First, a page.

Many business studies in recent years have reached the same conclusion: the training and education strategies used to develop past generations of business leaders won’t be effective in a 21st-century environment marked by volatility, uncertainty, complexity and ambiguity.
What’s more, our recent research shows, those previous strategies weren’t necessarily effective in the past either. By questioning over 500 current business leaders across a wide range of demographics, we found that many wish they had learned different skills earlier in their careers. And they reported gaining some of their most valuable work-related lessons and experience outside of traditional business learning channels.
Our research reached several key conclusions:
- Relational skills such as teamwork and relationship building are critical.
- Learning on the job is a vital form of education, and failure can also be a great teacher.
- Clarity around knowledge and expertise is important.
- Future success depends on the ability to adapt to new technologies.
- To become leaders, people must first develop a growth mindset.
- Effective development must cater for all needs and styles.
“The need for leadership development has never been more urgent,” the University of Toronto’s Mihnea Moldoveanu and Harvard Business School’s Das Narayandas write in the March-April 2019 issue of the Harvard Business Review. “Companies of all sorts realize… they need leadership skills and organizational capabilities different from those that helped them succeed in the past. There is also a growing recognition that leadership development should not be restricted to the few who are in or close to the C-suite.”
Researchers Paul J. H. Schoemaker, Sohvi Heaton and David Teece point to how the U.S. military was forced to adapt to a radically different conflict environment after the collapse of the Soviet Union and the end of the Cold War. In a similar way, they note, businesses in recent years “have seen the ending of a period of relative stability, in which computers improved like clockwork, peaceful trade relations could be taken for granted, and the dominance of Organisation for Economic Co-operation and Development (OECD) economies appeared unassailable”.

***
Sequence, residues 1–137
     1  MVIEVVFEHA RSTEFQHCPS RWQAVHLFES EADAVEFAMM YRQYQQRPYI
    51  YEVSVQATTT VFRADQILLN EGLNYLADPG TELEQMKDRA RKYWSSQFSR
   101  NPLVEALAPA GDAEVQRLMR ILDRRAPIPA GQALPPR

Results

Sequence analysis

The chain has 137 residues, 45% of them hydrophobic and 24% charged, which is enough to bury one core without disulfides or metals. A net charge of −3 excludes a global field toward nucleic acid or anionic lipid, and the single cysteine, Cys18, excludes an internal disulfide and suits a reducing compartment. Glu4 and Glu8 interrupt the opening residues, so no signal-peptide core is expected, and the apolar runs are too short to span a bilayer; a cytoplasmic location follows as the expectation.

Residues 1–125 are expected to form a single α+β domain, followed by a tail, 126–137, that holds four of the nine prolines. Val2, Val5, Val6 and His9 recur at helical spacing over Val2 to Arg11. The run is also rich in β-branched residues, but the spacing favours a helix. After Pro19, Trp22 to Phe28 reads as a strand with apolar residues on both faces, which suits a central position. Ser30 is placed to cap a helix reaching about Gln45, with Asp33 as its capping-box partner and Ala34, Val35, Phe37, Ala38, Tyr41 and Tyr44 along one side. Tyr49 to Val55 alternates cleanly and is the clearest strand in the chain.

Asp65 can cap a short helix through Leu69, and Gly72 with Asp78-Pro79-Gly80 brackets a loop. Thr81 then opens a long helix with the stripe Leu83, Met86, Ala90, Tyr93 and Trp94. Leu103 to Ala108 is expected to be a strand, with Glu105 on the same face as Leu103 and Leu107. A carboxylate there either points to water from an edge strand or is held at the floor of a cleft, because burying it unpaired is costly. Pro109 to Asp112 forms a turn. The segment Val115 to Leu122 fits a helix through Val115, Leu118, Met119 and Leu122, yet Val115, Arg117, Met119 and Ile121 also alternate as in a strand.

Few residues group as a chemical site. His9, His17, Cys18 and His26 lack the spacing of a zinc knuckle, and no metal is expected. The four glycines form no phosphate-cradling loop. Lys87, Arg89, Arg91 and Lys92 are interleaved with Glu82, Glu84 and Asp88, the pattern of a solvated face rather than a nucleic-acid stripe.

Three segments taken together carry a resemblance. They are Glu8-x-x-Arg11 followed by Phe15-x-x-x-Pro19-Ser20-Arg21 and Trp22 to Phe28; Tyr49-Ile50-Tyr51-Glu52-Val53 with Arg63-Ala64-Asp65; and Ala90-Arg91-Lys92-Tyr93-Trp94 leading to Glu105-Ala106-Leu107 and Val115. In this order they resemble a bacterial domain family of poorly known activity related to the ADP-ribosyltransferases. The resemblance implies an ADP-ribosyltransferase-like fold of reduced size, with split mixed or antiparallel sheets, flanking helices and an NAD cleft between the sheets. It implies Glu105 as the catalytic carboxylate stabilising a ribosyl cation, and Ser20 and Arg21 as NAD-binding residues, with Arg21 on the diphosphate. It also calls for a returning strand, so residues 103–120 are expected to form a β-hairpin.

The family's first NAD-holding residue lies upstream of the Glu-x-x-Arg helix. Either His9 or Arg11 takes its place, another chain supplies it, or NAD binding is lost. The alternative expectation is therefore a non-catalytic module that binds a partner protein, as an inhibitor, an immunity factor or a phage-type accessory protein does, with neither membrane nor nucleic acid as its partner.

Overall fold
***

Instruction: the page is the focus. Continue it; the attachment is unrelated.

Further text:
In our online survey of 500-plus business leaders, respondents told us they wished earlier development had provided them with the skills they find most useful at work today. These included good communication and relationship skills, delegation and management skills, emotional intelligence, technical skills and confidence. They said they learned the importance of such skills through on-the-job experience, failure, training and feedback, use of technology and major life events.
They also said they believed they needed more technical knowledge, training, organisational understanding and leadership/communication/negotiation skills to advance in their current career path.
Helping current leaders achieve such goals – and cultivating the next generation of business leaders with similar abilities to achieve – requires changing leadership and culture to enable agile transformation, according to an October 2018 McKinsey & Company report on the new capabilities needed to build 21st-century organisations. In the report, Bart Schlatmann, former COO of ING Netherlands, states, “Culture is perhaps the most important element of this sort of change effort. We have spent an enormous amount of energy and leadership time trying to role model the sort of behavior—ownership, empowerment, customer centricity—that is appropriate in an agile culture.”
Our research suggests that organisations can change their culture and foster a new style of leadership by doing the following:
1 Provide relational skills development to everyone - In today’s newer, flatter organisational structures, employees of all kinds – not just potential C-suite candidates – need strong communication, teamwork and networking skills
2 Encourage on-the-job learning - Look for opportunities to offer people new responsibilities, challenges and stretch assignments.
3 Create a learning culture where it’s safe to fail. Experimentation and practice – and the ability to apply lessons learned from failure – enable people to grow and develop leadership capabilities.
4 Ensure leaders are clear about their roles. And be sure they are equipped with the skills they need. Uncertainty threatens confidence.
5 Make sure leaders have relevant knowledge about new technologies. While no one can master it all, leaders should feel confident they understand how technology impacts the business.
6 Encourage a growth mindset. This means being open, curious and receptive to developing new skills.
7 Tailor development to your particular needs. These needs can vary by developing leaders’ organisational level, age, gender, region and language.
8 Make regular feedback, mentoring and coaching a habit. Compared to one-off seminars or formal courses, such on-the-job development is enormously valuable – across the entire employee body.